Not quite a car-free city

Last weekend in Vancouver, two events took place that sought to advance the idea of the car-free city. One I attended, the other I tried to avoid, with limited success.

Saturday was the World Naked Bike Ride, an event I favour for several reasons. Any opportunity to run around naked ought to be exploited enthusiastically, but especially when it’s being done to increase public consciousness about, as a friend once put it, the “offensive ubiquity of the horseless carriage”.

That same friend – who recently bought a car to replace his deceased one – had to drag his old bike out of storage and dust it off in order to participate, as it had not been used since the last World Naked Bike Ride. It would be easy for someone less charitable than I (!) to accuse him of hypocrisy, but on the contrary, I think he is being courageous and intelligent enough to recognise that he resents feeling the need to own something that he doesn’t really want, but that the forces of capital conspire to virtually (for lack of realistic alternatives, perceived or otherwise) require him to purchase and maintain. He feels powerless to live without the comfort and convenience of a car, and his participation is an act of symbolic defiance.

The point of the World Naked Bike Ride is not to promote nudity, or cycling, or civil disobedience (though those are all very worthy pursuits), but to remind us that “car culture” is not something that we are necessarily stuck with, that we, as a society, have the power to choose a different kind of city, one in which we are not all subservient to the private automobile and the special interests that have caused us to be enslaved to it. That a large majority are convinced otherwise suggests, in my opinion, lazy thinking rather than conscious commitment.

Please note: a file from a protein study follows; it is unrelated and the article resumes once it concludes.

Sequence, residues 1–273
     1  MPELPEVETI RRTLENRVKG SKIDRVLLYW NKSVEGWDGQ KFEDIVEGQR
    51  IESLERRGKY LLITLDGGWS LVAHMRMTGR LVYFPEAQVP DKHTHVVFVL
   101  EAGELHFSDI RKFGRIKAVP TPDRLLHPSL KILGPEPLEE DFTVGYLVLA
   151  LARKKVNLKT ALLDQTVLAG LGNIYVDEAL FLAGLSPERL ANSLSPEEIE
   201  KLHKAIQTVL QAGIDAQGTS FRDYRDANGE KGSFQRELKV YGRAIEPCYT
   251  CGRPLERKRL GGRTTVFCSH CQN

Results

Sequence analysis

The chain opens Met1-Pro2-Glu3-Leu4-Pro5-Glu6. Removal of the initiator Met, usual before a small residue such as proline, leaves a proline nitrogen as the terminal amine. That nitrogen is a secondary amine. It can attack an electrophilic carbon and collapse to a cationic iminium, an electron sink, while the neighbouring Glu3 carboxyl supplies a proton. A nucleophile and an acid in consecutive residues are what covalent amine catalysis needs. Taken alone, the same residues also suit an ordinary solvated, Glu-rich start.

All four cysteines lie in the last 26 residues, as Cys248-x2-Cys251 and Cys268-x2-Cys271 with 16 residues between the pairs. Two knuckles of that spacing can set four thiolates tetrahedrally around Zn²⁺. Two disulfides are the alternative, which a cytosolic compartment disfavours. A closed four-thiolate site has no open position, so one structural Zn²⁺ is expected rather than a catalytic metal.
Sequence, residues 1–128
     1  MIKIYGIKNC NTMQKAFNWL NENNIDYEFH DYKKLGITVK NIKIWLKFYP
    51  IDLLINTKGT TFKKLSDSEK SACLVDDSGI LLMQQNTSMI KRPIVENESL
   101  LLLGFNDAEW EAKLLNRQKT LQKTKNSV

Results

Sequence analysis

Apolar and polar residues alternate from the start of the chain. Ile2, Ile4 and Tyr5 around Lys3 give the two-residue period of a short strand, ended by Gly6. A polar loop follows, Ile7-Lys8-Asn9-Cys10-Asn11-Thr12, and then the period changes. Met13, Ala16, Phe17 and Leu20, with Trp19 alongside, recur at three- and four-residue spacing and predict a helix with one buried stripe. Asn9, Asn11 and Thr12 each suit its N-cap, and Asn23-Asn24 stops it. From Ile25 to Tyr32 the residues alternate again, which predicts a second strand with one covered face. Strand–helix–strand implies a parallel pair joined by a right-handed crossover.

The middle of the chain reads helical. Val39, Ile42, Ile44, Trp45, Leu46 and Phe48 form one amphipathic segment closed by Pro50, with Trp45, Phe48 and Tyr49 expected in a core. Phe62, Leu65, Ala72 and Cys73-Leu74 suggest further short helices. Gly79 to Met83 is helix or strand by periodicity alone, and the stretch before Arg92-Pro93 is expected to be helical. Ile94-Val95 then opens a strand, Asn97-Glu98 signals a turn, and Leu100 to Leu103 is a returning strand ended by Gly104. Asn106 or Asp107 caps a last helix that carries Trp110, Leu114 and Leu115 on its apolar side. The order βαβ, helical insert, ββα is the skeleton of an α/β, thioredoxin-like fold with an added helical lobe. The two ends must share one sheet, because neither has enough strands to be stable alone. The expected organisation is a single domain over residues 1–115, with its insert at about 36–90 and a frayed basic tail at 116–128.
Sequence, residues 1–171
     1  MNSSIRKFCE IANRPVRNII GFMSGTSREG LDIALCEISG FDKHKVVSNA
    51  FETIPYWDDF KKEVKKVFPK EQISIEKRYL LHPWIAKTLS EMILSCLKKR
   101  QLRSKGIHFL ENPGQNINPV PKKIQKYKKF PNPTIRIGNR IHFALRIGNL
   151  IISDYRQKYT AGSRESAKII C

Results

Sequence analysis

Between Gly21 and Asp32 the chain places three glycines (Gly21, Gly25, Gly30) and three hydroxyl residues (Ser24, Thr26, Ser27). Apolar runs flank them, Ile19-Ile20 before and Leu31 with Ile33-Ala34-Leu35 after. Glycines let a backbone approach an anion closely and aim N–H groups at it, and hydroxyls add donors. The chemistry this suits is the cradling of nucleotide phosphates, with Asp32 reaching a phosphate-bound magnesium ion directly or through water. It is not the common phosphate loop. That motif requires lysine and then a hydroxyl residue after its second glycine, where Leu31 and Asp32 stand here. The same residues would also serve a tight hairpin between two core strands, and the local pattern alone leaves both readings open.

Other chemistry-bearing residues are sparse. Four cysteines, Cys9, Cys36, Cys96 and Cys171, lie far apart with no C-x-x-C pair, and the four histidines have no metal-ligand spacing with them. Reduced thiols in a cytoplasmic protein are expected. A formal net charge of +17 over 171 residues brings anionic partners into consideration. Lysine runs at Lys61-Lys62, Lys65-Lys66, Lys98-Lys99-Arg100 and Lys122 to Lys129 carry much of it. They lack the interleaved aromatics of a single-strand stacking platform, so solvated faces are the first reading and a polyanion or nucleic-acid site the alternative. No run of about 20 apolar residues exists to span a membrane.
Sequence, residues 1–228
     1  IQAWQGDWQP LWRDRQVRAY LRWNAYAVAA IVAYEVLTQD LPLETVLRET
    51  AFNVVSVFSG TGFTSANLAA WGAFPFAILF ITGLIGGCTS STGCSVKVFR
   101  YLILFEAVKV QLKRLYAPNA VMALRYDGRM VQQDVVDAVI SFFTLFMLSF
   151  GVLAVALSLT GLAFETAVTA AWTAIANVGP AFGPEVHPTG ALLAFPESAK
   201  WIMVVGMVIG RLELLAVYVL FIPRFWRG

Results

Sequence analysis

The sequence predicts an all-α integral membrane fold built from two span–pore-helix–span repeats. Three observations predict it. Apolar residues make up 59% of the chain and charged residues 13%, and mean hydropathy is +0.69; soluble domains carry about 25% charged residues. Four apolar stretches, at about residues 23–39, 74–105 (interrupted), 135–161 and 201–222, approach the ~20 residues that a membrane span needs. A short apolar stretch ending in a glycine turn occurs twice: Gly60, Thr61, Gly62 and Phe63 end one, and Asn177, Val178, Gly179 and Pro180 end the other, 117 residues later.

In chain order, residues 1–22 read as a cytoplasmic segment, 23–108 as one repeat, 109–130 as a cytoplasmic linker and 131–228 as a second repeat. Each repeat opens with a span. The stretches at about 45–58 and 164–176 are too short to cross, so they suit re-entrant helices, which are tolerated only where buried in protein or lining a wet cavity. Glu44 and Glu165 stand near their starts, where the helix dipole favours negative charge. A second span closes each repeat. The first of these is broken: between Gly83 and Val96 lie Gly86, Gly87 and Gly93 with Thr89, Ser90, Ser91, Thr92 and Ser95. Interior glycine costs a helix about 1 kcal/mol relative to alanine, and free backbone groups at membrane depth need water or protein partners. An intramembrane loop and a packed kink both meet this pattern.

The other event lends some credence to this view, I think. Car Free Day was spawned on Commercial Drive by people not unlike those who participate in the Naked Bike Ride, citizens on feet and bikes and wheelchairs and crutches and elderly legs who took over the street by force of their collective mass as a reaction to the domination of the automobile. Since those early days, however, it has been largely hijacked by civic politicians and business interests, and become an object of curiousity by those who have either no opinion about car traffic, or one supportive of the status quo.

The result is that Car Free Day is quite the opposite: seemingly large numbers of people drive to a neighbourhood that is holding a Car Free Day event. Sure, six blocks of one street are “car free”, but sixteen blocks in all surrounding directions are jammed with cars whose drivers are either trying to park for the event, or are trying to bypass a formerly accessible artery. It’s not “car free”, it’s “car relocated”.

A major cause for difference between the two events is that the naked bike ride is unsanctioned by city hall (in other words, an “illegal protest”) and is largely unplanned. The route is spontaneously made up by those participating. Meanwhile, the city is involved in planning the so-called car free day, an official series of events that are car-free in name only.

Of course, those who enjoy taking over the street and playing hopscotch where cars normally roam will see it more positively. And good for them. They can enjoy their day of faux-rebellion, and I’ll take my opportunity to flash my scrotum at Floridian tourists. In the end, the cars are still going to get to dominate for the other 364.75 days of the year. It’s that that we need to come together to change.

(Main page photo credit: Hepcat Cabal –

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